Mommy Chronicles

A funny look at motherhood and the mayhem it causes.

January 22, 2002

What kind of mother am I?

I took gymnastics classes when I was six years old, and I was awful at it.

I was freakishly stiff, and whenever I’d attempt a vault, all the instructors would stop coaching the other kids, just so they could, without distraction, watch me smack the horse at a funny angle.

So, when Lucy was mesmerized recently by a TV broadcast of a sport called “rhythmic gymnastics,” I got a little queasy. For our gene pool, the only sport that could possibly be worse than gymnastics is gymnastics with rhythm.

But there she was, watching these limber athletes juggle bowling pins and pull their noodly legs over their heads and under their chins. Lucy did her best to do everything the girls on TV did, and if her chin were six inches off the floor, she might have been displaying talent.

But I aim to be the kind of mother who helps her children chase a dream, talent or no. So, I knew I had to sign Lucy up for gymnastics. There was just one hurdle I needed to clear. The gym only offered classes for toddlers 18 months and up, and Lucy still had a couple months to go.

Rather than do the boring thing and wait, I called to find out if there were spots remaining in the class. The woman said yes, and “How old is your daughter?”

“Seventeen months,” I lied, as smooth as butter. Except for Lucy’s hair, sleeping skills and height, she is a mature sixteen months, so I felt quite entitled to a little fib.

It was for Lucy, after all, and I am the kind of mother who will work the system to get her daughter a leg up. When you’re as stiff as we are, you get your leg up any way you can.

It worked. We were invited to come to the gym. When we arrived, the woman at the registration desk took one look at Lucy, asleep in my arms, and said, “How old is she?”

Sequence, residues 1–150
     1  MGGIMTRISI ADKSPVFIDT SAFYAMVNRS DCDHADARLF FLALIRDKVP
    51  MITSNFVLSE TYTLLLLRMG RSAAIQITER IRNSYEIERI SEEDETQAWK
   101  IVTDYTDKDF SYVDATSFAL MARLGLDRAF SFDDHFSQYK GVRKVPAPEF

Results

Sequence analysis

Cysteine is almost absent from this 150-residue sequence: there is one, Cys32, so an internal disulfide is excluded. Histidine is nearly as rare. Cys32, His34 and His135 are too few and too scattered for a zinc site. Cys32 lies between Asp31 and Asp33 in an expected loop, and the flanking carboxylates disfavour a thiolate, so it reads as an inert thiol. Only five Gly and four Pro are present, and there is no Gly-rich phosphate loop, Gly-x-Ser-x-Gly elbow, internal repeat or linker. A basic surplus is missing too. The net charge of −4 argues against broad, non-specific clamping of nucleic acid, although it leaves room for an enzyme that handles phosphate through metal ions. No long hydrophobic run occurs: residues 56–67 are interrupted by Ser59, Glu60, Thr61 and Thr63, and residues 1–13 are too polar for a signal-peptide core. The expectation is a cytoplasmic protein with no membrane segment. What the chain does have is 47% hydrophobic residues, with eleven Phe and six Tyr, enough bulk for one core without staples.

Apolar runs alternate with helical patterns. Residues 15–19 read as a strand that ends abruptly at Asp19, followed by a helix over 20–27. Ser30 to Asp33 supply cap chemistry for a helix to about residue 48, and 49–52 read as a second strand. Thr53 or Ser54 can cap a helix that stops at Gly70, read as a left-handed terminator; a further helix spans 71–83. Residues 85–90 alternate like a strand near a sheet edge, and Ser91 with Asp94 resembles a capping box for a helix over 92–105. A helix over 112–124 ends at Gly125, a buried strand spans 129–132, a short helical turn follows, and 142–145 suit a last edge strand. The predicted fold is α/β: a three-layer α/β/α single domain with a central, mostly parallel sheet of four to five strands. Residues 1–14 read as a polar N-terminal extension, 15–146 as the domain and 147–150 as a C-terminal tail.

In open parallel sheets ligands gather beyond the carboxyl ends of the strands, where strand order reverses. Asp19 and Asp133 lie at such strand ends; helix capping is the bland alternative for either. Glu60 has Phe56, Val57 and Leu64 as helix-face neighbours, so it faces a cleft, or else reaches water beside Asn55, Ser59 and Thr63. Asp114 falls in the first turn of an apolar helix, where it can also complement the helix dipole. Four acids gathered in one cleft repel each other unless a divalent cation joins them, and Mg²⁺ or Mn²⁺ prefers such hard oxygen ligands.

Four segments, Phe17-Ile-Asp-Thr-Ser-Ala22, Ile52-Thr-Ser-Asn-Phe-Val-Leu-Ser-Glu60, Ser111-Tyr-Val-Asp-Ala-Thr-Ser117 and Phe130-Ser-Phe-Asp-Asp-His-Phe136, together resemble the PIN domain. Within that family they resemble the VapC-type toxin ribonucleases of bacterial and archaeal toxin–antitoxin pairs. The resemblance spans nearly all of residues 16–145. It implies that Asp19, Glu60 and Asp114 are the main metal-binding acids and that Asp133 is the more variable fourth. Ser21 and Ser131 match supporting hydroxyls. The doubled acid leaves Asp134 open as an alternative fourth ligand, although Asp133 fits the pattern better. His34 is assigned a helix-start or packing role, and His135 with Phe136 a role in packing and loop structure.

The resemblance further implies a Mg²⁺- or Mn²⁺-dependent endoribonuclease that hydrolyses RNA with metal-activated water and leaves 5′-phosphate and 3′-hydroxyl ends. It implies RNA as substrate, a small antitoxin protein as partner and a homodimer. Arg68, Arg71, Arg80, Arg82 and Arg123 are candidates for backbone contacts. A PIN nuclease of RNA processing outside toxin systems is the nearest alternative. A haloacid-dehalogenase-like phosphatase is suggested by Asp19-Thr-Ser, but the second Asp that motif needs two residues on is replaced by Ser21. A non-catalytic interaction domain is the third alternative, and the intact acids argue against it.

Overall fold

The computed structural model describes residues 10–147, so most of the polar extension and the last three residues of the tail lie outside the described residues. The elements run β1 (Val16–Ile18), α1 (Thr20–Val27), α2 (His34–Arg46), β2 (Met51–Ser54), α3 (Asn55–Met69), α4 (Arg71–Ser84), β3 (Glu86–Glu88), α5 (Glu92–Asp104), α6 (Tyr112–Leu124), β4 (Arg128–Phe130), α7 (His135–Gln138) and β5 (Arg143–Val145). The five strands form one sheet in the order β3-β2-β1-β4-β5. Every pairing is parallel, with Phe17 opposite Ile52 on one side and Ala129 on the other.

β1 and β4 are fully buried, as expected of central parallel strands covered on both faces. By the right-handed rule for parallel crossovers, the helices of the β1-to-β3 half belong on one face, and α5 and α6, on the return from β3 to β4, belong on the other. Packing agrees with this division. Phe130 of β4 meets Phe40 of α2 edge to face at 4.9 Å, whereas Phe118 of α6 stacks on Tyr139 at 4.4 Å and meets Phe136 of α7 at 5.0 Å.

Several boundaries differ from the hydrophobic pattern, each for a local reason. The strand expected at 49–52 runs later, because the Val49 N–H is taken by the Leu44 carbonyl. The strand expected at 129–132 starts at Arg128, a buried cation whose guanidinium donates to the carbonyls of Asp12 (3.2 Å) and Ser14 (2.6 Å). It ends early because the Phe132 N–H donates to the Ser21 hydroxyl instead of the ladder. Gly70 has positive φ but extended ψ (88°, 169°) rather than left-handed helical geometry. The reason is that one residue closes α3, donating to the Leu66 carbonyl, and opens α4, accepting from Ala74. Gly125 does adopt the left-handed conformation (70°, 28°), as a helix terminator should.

“Almost seventeen months,” I said. “But she follows directions pretty well when she’s awake.”

This and $139 got us in.

“How old is she?” the instructor asked, when I sat Lucy down in the circle with the rest of the kids.

“Sixteen months,” I said, because it turns out I am really not the kind of mother who is able to lie, after all.

“But,” I said, “She really likes gymnastics.” And then I blew on Lucy’s face, to wake her up.

Lucy is by far the smallest kid in her class. The other kids have a good six months or more on her, and she’s miniature for her age so, this makes her a target for some strange advances. One boy, whose name is Gabriel, hug-tackles her at every opportunity. Last week, Lucy started saying, “No, no, no” as soon as she saw him. It was exactly what I was thinking, even if Gabriel’s mother was not nearly so sensibly inclined.

“He just loves little girls,” she explained from her safe little spot across the room, clearly establishing herself as the kind of woman who not only names her son after an angel, but also believes every action he takes is heaven-sent.

Another child, a girl named Sarah, prefers a straightforward shove. Sometimes, though, Sarah increases the intimacy of her overtures, and puts Lucy in a choke hold.

When she did this last week, I had the opportunity to find out if I am the kind of mother who could body-slam someone else’s 3-year-old. As it turns out, I am not, although I did rescue Lucy as quickly as I could without doing any damage to either Sarah’s arms or their sockets.

This is a good thing, because Sarah’s mom -- a woman with an angelic face and smooth black hair -- turned out to be the kind of mother who apologizes when her kids do bad things.

Given my history with gymnastics, the one thing Lucy has a shot at learning in this class is a chokehold.

So, from here on out, I will be the kind of mother who hopes she uses it on Gabriel.

January 14, 2002

What to do about evil thoughts

Lately, I have been having dark and awful thoughts. This is nothing new, really. The first dark and awful thought I had was in 1974, when my parents brought home this hideous, wrinkly pink thing from the hospital and called it a baby.

We already had a perfectly good baby at home, one who was eighteen months old, and nicely rounded and huggable as a baby should be. The new baby, on the other hand, was good for only two things: peeling, and testing my magical soothing abilities.